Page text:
Collagen peptides: nature’s building blocks for better mobility

Published: 17-Nov-2016

Consumers looking to maintain optimal bone and joint health through better nutrition are increasingly turning to supplements and fortified products to boost their nutrient intake

As a result, 32% of global consumers rate foods that are high in protein as very important and seek foods that are fortified with vitamins (30%) or minerals (29%) to fulfil their nutritional needs.1 According to a recent survey, respondents are prepared to pay a premium for products that claim to boost health and well-being, with the rising interest in bone and joint health, the global market for products targeting these claims is predicted to reach $9 billion by 2017.1,2

Protein is a key ingredient driving the bone and joint health market, with the number of food and drink products launched in the UK with a high-protein claim rising by 97% between 2014 and 2015 and 498% between 2010 and 2015.3 Public perception of calcium supplements has shifted, creating opportunities for proteins such as collagen peptides, with a number of joint and bone health supplement blends with vitamin C or vitamin D coming onto the market. As protein is a major component of the bones, cartilage and muscles, it can be beneficial to include collagen peptides in everyday diets to support maximum mobility.

Collagen peptides for an active lifestyle

Collagen is the main structural component of the human body and represents almost 30% of its total protein. Responsible for holding together all the living tissue, it is mostly found in connective tissues such as tendons and ligaments, as well as in joints, bones and skin. However, with time, the body’s ability to replenish collagen slowly decreases, resulting in the physical decline of the body’s tissues and organs.

As a hydrolysed form of collagen, collagen peptides are proven to have multiple benefits for bone and joint health. They are transported to the target tissues — through the bloodstream — where they accumulate and stimulate cells to produce collagen.4,5 These bioactive proteins have a number of positive effects on mobility, including providing connective tissue support, reducing joint discomfort and helping to improve bone mass density.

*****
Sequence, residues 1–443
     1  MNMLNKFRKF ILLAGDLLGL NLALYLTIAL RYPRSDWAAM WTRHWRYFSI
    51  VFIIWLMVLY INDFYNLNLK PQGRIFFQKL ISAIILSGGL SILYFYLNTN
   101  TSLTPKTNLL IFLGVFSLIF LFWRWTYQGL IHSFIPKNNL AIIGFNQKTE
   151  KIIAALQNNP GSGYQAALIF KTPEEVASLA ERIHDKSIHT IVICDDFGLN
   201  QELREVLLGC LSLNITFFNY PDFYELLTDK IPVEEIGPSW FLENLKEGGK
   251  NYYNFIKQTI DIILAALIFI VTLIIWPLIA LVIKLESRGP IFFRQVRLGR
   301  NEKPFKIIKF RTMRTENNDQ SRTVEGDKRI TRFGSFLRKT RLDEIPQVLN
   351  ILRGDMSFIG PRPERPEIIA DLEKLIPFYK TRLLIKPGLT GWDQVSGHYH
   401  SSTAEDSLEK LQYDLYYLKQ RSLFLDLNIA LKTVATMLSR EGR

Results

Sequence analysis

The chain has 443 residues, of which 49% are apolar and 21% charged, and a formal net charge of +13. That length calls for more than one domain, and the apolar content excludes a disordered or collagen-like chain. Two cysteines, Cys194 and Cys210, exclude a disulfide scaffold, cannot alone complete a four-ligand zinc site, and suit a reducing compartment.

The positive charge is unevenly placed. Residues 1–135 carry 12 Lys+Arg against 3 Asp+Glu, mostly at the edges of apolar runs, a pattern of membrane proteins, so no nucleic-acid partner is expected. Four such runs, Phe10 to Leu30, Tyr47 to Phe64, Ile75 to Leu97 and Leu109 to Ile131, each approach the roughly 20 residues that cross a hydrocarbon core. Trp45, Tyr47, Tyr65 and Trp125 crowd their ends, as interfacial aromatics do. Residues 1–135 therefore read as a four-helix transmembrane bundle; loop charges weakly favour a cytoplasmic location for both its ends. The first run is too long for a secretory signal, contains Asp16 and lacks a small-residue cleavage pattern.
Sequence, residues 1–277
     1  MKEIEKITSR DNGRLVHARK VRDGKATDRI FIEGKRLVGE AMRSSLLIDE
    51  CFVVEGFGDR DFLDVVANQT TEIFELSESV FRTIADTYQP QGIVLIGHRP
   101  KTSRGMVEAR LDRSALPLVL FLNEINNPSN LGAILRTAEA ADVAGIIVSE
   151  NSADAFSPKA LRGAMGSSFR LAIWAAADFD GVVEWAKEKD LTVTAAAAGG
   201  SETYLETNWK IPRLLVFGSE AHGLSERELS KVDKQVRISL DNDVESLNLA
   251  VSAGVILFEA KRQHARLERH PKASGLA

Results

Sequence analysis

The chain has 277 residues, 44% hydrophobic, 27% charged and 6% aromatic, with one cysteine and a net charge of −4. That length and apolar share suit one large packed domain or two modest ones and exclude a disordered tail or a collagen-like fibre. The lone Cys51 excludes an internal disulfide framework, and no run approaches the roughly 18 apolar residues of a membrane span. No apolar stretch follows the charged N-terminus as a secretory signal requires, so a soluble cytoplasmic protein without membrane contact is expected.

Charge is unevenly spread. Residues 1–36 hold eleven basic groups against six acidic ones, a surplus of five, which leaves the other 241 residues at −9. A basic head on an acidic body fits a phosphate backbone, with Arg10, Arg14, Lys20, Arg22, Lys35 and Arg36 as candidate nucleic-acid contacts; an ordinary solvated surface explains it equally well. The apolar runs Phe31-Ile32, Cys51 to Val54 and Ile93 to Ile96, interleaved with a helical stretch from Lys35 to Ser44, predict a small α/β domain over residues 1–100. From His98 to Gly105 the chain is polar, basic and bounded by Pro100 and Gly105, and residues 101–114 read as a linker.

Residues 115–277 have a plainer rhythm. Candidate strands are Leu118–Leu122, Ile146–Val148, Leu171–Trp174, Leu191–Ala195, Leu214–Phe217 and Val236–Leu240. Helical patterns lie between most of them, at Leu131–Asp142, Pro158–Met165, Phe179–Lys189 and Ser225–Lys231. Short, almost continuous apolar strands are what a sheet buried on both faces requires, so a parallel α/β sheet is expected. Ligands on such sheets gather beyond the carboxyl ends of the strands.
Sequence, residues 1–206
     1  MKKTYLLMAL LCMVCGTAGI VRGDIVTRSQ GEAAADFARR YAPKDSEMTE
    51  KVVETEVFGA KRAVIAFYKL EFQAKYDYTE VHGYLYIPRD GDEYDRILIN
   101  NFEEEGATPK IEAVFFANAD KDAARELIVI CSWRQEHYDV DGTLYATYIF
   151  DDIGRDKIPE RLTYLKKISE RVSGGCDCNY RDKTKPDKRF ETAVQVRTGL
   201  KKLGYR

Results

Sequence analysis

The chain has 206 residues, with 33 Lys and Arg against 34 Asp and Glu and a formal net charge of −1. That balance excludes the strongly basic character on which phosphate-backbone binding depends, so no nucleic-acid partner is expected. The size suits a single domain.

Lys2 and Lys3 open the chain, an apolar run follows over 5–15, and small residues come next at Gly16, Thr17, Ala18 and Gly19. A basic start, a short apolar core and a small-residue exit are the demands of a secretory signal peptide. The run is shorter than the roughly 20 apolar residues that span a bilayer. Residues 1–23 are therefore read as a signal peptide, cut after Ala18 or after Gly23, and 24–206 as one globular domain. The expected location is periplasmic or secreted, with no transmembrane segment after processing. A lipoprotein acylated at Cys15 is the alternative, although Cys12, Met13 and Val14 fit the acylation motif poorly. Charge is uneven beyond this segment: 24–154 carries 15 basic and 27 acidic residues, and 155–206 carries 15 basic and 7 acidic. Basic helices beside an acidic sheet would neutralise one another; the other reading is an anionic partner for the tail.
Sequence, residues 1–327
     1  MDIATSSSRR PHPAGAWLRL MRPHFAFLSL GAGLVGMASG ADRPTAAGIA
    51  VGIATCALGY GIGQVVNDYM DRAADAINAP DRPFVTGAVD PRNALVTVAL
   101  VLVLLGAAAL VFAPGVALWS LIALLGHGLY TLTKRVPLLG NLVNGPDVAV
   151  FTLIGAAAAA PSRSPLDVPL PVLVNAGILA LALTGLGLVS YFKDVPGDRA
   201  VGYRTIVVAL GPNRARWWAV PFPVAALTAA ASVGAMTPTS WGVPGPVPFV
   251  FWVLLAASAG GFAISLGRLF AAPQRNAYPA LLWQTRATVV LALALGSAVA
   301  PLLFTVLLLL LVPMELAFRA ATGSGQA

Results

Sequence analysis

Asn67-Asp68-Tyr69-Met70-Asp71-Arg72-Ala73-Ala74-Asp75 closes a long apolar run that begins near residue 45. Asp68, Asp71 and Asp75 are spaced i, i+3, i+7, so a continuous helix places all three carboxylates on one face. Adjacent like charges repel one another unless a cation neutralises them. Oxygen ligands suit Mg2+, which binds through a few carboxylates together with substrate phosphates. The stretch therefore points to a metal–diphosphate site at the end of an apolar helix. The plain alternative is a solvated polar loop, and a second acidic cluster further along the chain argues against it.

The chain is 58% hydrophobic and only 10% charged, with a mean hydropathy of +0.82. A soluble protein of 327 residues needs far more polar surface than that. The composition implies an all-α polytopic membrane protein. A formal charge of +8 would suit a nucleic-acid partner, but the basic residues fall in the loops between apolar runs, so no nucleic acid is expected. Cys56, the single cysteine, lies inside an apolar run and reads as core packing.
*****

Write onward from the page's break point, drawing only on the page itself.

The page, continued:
Achieving optimal bone health

Healthy bones are essential to an active lifestyle. They are responsible for the structure and strength of the body as well as aid its movement. To maintain healthy bones, the body undergoes a remodelling process, during which old bone tissue is removed and new tissue is formed. With time, an imbalance between bone resorption and bone formation results in a reduction of Bone Mineral Density (BMD), leading to an increased risk of fractures.

Representing around 90% of its total organic bone mass, collagen is one of the key components of the body’s framework and is responsible for bone strength and flexibility. Collagen peptides have been proven in a range of in vitro and in vivo studies to support the forming and functioning of healthy bones.6,7

Increasing bone density and strength: For bones to stay strong and healthy, an optimal level of BMD has to be maintained. By inducing bone formation and inhibiting the rate of bone resorption, collagen peptides have been shown to have a positive effect on bone metabolism.

Collagen acts as a structural component to which calcium and other minerals attach. In a recent in vivo study, collagen peptides have been shown to improve calcium absorption, retain high levels of calcium in bones, increase bone mineral density and preserve bone strength.8

Increasing joint function

Making up 70–95% of cartilage, collagen is the key structural component of cartilage tissue and preserving optimal levels is essential to maintaining healthy and flexible joints. Traditionally, glucosamine and chondroitin have been the only solution for targeting joint health; however, owing to its proven benefits, collagen peptides are set to become the most popular second generation ingredient in the joint health market.